Asst. Sports Director
September 7th marked 42 years since the launch of the first 24/7 sports platform the Entertainment and Sports Network (ESPN). It has become the household name for sports worldwide with over 18 channels sporting the ESPN name. Racism within ESPN has been an ongoing issue ever since its inception in 1979. It has been described as being a “cultural norm” for the network. It happens on camera and behind the scenes. The ESPN company itself has found itself in the media a copious amount of times for its talent believing they have a right to make remarks about athlete’s race due to their status quo.
Sports reporter Jason Whitlock joined ESPN back in 2002 as a writer for their magazine and website. He currently hosts “Around the Horn” during weekday afternoons and has hosted several other shows for the network. During his almost 20 year career there, Whitlock has become known more for his racial views than his journalistic integrity. After asian basketball star Jeremy Lin led the New York Knicks to a victory against the Los Angeles Lakers in 2012, he would go on twitter and tweet “ Some lucky lady in NYC is gonna feel a couple of inches of pain tonight.” Playing to the stereotype that Asian men have small genitalia, Whitlock came under a lot of scrutiny for this remark. A few years later, he would return to the hot seat with remarks about the use of a racial slur towards NBA Superstar LeBron James. James’ house was vandalized in 2017 by an intruder who spray painted the n-word on his walls. Whitlock responded to the incident on his show by saying “When I was young people called me a bad name — the n-word, whatever — it hurt my feelings. LeBron’s comment about ‘no matter how rich you are, no matter how famous you are, it’s tough being black in America.’ That is a lie. It’s not tough... It’s not tough being LeBron James..” Making the point that the use of the word is lessened due to the athlete’s fame and power was absolutely appalling and untrue. Disney came down on ESPN after the incident and wanted him gone. They decided to keep him on air.
The most recognizable personality for ESPN at the moment is First Take host Stephen A. Smith. Smith is known for his constant criticism on racial inequalities within the sport’s world. He is mostly critical of the NBA and how they handle coaching hirings throughout the league based on race. Smith would however make some remarks towards Major League Baseball (MLB) player Shohei Ohtani in July. Ohtani was a Japanese baseball all-star breaking almost every record in his native country for the sport. The Los Angeles Angels would sign him in 2018 and he has been nothing short of amazing. As of now, he leads the MLB in pitching stats and homeruns making him the first player in history to do it bringing many new eyes to the sport and making it relevant again. Stephen A. Smith disagreed with the league leader’s success stating "But the fact that you've got a foreign player that doesn't speak English, that needs an interpreter - believe it or not, I think contributes to harming the game to some degree, when that's your box office appeal.” All because a foreign player does not speak English and needs a translator does not mean they harm the sport. In fact, there are currently over 10 players within the league who rely on interpreters. The longtime reporter came under fire for these remarks and was deemed a hypocrite for his usual rants on racial inequality in sports. Just like Whitlock, nothing was done to Smith even though there was a strong outcry from the public.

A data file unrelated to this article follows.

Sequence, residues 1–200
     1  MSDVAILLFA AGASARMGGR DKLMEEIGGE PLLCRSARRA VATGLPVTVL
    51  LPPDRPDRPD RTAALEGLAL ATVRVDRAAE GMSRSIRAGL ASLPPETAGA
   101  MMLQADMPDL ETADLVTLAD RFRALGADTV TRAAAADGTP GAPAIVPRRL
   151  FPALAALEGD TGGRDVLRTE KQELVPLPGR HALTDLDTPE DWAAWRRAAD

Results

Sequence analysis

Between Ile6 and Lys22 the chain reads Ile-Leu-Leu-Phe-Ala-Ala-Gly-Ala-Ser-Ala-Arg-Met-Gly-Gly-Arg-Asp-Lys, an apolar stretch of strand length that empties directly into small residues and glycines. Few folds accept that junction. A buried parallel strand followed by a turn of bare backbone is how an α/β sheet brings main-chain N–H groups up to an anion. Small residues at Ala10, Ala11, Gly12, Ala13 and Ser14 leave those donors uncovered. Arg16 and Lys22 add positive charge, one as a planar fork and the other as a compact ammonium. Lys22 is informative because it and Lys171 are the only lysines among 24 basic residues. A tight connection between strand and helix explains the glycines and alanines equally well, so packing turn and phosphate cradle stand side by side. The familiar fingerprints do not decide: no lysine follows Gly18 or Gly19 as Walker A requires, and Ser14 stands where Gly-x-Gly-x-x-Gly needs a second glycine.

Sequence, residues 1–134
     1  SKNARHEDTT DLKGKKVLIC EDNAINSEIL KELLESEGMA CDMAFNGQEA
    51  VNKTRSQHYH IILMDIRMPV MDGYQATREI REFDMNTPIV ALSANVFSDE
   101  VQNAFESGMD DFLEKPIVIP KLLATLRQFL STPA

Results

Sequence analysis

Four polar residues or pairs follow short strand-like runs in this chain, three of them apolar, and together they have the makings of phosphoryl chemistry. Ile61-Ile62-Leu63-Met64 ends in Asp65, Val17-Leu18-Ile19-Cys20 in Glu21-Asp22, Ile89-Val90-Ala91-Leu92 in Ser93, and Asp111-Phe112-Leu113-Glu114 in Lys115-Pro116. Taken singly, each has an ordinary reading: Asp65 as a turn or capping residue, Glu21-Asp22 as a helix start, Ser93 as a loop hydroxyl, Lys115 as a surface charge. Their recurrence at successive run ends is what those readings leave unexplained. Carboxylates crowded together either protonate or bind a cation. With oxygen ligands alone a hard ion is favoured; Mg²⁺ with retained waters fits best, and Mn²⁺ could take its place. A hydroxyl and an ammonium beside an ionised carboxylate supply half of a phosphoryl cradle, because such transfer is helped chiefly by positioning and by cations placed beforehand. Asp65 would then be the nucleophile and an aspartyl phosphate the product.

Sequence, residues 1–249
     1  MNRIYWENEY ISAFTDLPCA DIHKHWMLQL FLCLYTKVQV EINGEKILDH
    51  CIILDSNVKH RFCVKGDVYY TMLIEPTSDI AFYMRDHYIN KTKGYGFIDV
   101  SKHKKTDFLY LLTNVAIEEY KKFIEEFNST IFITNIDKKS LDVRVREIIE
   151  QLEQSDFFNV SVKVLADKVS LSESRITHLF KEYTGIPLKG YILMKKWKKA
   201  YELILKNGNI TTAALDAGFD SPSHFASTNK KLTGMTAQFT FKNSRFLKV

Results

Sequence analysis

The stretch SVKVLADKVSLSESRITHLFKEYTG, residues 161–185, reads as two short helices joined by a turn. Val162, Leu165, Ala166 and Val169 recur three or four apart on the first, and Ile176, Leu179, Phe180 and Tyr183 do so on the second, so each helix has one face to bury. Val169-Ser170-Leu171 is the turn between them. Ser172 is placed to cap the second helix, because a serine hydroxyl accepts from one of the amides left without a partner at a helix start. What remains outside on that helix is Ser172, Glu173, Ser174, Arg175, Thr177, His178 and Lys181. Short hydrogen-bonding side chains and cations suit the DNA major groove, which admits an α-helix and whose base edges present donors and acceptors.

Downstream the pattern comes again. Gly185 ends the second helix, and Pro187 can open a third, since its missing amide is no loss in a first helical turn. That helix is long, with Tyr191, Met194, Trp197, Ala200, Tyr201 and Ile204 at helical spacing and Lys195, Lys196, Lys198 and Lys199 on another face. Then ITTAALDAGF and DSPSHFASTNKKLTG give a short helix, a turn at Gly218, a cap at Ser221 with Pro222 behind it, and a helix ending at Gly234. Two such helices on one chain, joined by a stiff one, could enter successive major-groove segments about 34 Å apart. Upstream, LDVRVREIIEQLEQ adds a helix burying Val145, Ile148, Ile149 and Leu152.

In July of 2020, a conversation between an ESPN anchor and an athlete’s supervisor would take place that would once again shed light on the matter at hand. A recording was released in July of 2021 of a conversation between longtime “NBA on ESPN and The Jump” reporter Rachel Nichols and LeBron James’ advisor Adam Mendelsohn about a fellow work colleague, Maria Taylor. The discussion was about how ESPN was going to choose Taylor to host the NBA Finals replacing Nichols. In the audio, the longtime host of “The Jump'' said '' If you need to give her more things to do because you are feeling pressure about your crappy longtime record on diversity..like, go for it. Just find it somewhere else. You are not going to find it from me or take my thing away,” She would also say, while laughing that she is “...exhausted…” between “...Me Too and Black Lives Matter..”. Kayla Johnson, a black digital video producer who discovered the video and sent it to Taylor was suspended two weeks with no pay and given less opportunities. Taylor left the company after she heard the audio and Nichols was initially sent home with pay. On August 25th, Nichols was released from ESPN after pressure from the Walt Disney Corporation and network workers in a rare move.
The problem of racial inequality is just as relevant today as it was in 1979. After years and years of ongoing examples of people promoting racial inequality on and off air, ESPN still has not admitted publicly there are problems within the network. Nichols’ firing is hopefully a sign of a change in culture. The move seemed to only occur because of bad publicity and pressure. If things do not change soon, the changing social climate within America will force it upon them.